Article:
Last year, the Internal Revenue Service (IRS) was defrauded to the tune of $5.8 billion during tax season. (Those fraudulent payouts were for filings reflecting taxes paid for 2013.) Despite the government agency's insistence that it prevented $63 billion in fraud, much was made about the deep budget cuts and lack of resources that the agency was forced to endure.
Now, it looks like the agency will have even less manpower at its disposal: the budget cuts and growing criticism of the IRS mean that many of its Criminal Investigation agents are choosing retirement over working in an underfunded department.
IRS Budget Cuts
Partly due to the financial conundrum known as the Affordable Care Act, the IRS budget has progressively been shrinking over the last 4 years. (Imagine that: the agency that collects money for the federal government doesn't have enough money.) Not unlike the Federal Reserve, the IRS has come under scrutiny for aiding the political motives of the ruling party by targeting opponents of President Obama and the Democrats.
While some are understandably thrilled to hear that the IRS is downsizing, included among these cost-cutting casualties are the number of Criminal Investigation (CI) agents within the government. CI agents have been retiring en masse as their work is increasingly stymied by a lack of funds. They're not being replaced, either: even as hundreds of CIs retire from service each year, the IRS plans to add just 45 new agents this year, and none next year. Even as fraud has risen, the number of new tax fraud investigations has plunged more than 30% year-on-year.
By the start of 2016, the number of CI agents is projected to be 21% lower than in 2011. These are the highly skilled, impeccably trained financial detectives that follow the money trail to find fraudsters. CI agents are the "only [people] authorized to investigate federal tax crimes, including evasion and failing to file returns."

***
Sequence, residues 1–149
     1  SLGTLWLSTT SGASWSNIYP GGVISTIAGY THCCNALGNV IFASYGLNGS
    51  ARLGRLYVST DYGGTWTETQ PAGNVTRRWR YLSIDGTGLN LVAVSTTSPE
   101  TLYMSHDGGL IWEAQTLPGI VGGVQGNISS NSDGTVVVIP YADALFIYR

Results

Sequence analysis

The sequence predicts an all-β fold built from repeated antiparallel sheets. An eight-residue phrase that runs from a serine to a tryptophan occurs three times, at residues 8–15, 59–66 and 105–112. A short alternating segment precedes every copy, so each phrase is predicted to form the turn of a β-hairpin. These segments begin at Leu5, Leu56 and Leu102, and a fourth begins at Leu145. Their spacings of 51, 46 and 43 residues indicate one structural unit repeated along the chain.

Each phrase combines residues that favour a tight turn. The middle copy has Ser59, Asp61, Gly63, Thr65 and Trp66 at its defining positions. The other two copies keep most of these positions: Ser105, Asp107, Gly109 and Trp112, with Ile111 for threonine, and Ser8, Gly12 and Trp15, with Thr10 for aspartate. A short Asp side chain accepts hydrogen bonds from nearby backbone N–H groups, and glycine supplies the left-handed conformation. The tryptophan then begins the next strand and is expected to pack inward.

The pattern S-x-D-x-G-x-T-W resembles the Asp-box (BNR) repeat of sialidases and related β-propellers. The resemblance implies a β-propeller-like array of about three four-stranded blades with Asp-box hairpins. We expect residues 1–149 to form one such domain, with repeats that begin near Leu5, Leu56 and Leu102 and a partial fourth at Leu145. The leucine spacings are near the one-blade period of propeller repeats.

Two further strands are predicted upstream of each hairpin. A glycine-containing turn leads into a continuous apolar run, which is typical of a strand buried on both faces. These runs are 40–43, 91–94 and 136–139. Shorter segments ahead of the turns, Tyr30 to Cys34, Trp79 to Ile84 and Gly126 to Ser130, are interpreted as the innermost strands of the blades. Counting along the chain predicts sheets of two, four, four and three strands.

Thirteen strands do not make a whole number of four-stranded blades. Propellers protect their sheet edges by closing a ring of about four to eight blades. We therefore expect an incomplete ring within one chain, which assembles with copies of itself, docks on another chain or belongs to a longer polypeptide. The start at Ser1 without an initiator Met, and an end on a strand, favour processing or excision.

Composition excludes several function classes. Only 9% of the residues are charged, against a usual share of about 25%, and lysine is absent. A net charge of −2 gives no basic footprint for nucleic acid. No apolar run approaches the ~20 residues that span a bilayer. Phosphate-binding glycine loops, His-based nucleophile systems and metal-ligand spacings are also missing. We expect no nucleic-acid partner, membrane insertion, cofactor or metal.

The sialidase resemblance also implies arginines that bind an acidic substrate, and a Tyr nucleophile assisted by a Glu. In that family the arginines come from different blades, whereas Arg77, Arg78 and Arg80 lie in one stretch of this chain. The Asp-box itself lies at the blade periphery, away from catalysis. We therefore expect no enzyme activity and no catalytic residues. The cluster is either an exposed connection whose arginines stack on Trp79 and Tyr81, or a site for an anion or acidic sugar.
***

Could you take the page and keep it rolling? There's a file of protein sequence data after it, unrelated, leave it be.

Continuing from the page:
Moreover, they're about the scariest thing a white-collar criminal can encounter. Their intimidating demeanor is used as deterrent—if potential criminals are aware that a strong network of agents is out there looking for them, they're less likely to take the risk of committing fraud.
A study conducted by the Government Accountability Office (GAO) last year revealed that the IRS estimates of fraudulent tax returns could be off by billions of dollars. The report cites problems in the agency's methodology for calculating these totals, as well as the lack of resources. The GAO even suggested that the IRS has no way to accurately gauge the costs and benefits (as well the risks) associated with efforts to tackle the fraud.
Unless there are some unforeseen changes to how the agency operates, it's simply going to get easier for criminals to swindle the government (and ruin citizens' credit ratings) when it's time to file taxes.
The opinions and forecasts herein are provided solely for informational purposes, and should not be used or construed as an offer, solicitation, or recommendation to buy or sell any product.